The academies established by the Choctaws and Chickasaws in Indian Territory were mission schools.
Not much remains of the many day and boarding schools that dotted the landscape around Oklahoma's Red River Valley. Just like with everything else in our standardized world, education has become a national, rather than a community, affair. The Choctaw and Chickasaw communities in the middle 19th century, however, invested a great deal in localized education, knowing fully well what could happen if they didn't.
Throughout American history, Indians were given two "options:" assimilate, or be annihilated. While early tribes fought to the bitter end against the European invaders, other tribes learned that the only way to preserve themselves was by becoming more like the whites. Churches established missionary schools to teach Indians how to be more "Christian" and "American." Often, schools were placed not within tribal communities, but in far off locations, thus forcing children to live apart from their families. This strategy had an intended effect: the schools rid the Indians of their culture, all under the guise of "education."
Tactic of War?
This forced assimilation became a well-used tactic after the Plains Indian Wars of the 1870s. Hundreds of children from the Sioux, Dakota, Blackfeet, and Cheyenne tribes (the Comanches and Kiowas to a far lesser degree*) were sent to boarding schools in far-away states like Pennsylvania, where they could be "Americanized." However, while this idea gained wide acceptance in the late 19th century, these kinds of programs had already been initiated under during the Early Republic.
That's why it became very important for the Five Civilized Tribes,* who had been forced to Indian Territory by the Jackson government, to initiate what I'd call a "preemptive strike." They quickly re-established the mission schools that had been placed in their homelands, and over which their nations could maintain some control. They did this with the support of Presbyterian, Methodist, and Baptist missionary groups, who worked in tandem with the nations to ensure their education.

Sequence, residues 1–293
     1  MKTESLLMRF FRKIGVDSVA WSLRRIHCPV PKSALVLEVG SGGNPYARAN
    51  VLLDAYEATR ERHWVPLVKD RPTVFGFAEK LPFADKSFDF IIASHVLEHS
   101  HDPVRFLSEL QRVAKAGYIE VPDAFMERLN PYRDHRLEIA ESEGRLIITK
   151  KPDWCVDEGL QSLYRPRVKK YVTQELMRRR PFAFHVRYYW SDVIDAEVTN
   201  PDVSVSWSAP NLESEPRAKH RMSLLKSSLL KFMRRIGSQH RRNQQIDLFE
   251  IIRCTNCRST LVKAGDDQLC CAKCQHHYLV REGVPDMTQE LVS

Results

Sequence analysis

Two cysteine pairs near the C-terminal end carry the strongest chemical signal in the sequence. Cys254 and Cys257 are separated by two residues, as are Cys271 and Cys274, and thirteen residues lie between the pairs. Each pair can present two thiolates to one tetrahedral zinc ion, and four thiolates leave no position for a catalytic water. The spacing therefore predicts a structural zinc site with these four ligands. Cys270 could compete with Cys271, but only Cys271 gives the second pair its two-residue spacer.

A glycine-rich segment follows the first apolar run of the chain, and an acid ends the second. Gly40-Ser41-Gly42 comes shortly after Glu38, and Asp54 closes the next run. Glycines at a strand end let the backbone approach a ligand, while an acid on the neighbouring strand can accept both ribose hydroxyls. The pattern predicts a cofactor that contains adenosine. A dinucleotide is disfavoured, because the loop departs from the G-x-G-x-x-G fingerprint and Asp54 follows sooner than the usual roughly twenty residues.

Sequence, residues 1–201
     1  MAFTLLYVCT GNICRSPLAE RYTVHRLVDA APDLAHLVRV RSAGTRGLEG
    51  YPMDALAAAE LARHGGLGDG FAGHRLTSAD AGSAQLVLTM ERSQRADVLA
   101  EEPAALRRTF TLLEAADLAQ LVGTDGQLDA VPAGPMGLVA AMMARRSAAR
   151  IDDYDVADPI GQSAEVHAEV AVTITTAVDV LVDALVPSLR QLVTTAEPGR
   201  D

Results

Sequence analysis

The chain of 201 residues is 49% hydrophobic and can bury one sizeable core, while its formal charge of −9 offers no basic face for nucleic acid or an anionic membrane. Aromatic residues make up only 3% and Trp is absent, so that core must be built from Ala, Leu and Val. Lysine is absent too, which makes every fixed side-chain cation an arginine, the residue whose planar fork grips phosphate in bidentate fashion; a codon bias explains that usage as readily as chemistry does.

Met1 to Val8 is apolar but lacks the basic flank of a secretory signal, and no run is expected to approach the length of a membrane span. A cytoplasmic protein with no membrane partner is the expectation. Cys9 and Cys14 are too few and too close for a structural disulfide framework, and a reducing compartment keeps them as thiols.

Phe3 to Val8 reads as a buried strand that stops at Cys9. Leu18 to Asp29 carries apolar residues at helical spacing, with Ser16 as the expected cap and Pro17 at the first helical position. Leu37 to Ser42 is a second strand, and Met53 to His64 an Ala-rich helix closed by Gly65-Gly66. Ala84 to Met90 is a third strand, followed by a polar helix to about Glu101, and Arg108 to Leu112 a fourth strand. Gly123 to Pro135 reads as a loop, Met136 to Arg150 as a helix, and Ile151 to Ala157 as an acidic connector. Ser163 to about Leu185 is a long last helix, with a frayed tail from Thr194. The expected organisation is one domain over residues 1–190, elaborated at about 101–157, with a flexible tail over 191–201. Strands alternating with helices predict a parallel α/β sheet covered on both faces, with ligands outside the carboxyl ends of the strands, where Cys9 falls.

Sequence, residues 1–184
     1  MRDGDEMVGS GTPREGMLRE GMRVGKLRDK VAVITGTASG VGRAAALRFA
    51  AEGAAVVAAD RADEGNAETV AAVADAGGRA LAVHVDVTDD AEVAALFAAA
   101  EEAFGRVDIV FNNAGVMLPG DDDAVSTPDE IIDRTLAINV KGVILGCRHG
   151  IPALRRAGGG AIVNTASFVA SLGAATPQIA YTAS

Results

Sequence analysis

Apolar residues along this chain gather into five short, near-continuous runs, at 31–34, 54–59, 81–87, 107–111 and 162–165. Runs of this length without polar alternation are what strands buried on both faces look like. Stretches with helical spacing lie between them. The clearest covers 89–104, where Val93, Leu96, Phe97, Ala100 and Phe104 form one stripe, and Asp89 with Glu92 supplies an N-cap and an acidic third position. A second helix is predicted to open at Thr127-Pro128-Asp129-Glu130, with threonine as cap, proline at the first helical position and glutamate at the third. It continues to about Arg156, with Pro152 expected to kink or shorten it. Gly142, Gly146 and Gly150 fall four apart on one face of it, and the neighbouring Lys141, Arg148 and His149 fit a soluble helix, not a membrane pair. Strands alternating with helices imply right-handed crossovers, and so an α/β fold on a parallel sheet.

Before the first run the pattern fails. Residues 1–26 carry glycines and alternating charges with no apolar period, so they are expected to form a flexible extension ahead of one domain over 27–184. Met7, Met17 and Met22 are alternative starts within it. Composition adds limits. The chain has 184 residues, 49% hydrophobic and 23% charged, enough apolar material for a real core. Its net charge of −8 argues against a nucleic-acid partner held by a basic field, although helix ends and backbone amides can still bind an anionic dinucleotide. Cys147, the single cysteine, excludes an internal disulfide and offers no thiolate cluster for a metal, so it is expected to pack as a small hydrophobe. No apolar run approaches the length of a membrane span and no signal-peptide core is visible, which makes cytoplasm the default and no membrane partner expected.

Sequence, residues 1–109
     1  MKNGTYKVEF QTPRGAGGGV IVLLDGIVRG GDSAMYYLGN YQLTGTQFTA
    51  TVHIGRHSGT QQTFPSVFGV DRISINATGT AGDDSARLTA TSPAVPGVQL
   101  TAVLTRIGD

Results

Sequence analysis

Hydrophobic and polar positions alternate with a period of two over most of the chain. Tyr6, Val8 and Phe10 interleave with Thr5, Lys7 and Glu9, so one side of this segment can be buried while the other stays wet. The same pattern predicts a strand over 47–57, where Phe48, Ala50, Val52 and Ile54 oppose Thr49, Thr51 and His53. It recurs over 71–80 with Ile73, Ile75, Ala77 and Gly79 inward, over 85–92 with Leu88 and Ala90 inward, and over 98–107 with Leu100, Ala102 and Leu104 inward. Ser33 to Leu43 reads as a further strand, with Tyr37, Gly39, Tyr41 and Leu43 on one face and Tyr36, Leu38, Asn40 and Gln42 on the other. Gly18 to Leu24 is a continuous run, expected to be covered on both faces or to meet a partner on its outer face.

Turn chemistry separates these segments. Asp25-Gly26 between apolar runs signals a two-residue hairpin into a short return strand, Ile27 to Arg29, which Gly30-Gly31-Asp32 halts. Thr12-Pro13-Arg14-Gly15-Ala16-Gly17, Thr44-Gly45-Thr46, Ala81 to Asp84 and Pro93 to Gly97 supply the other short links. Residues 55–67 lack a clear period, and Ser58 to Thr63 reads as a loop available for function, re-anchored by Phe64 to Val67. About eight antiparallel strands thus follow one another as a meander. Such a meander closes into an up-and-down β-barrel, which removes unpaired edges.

The Choctaw Nation's first school was established within a decade of their forced ouster into today's Oklahoma. Wheelock Academy, founded in 1832 as a joint effort by Choctaw leaders, Presbyterian missionaries, and Indian Bureau agents, at first operated as a day school for both boys and girls. Girls education, which previously had been neglected, was championed by Choctaw Reverend Israel Folsom.
Religious education was emphasized, though missionaries lamented that the Native Americans were not very receptive to their "Americanization" efforts. Located just east of Fort Towson, Wheelock later became a boarding school for girls, with nearby Norwalk Academy serving boys. Armstrong Academy, founded in 1845, became the premier Choctaw school. It was self-sustaining, with corn fields and vegetable gardens. Adults attended the school on Saturdays to learn how to read and write, and students learned algebra, classical literature, and geography as well as mechanical and domestic skills. In 1862, Armstrong Academy became the seat of the Choctaw confederacy, and continued to serve as the Choctaw Nation capitol until the 1880s.
Other academies along the eastern Red River in Indian Territory included the Spencer Academy for boys, founded in 1842 north of Doaksville; the 1850's Bloomfield Academy for girls near the Colbert's Ferry landing; and Wapanucka Academy for girls (it was co-educational for a time), which opened northeast of Boggy Depot. These schools operated as day schools, with more local control, and boarding schools, which fell under the governance and church boards and federal agencies. Often, a school that had once been under local control would gradually become a boarding school as population centers shifted away from the schools. After the Chickasaws restored their nationhood in the 1850s, both Bloomfield and Wapanucka Academies came under their sole jurisdiction.
After freedom, academies opened for the people who had been enslaved by the Chickasaws and Choctaws. The most prominent one in the Red River Valley was Oak Hill, located in McCurtain County along the old military road east of Fort Towson. Founded in 1869, this school emphasized manual labor, not academic instruction. At first, black men taught at the school, but they were replaced by white teachers recruited from northern states, and the school acted as a farm demonstration place.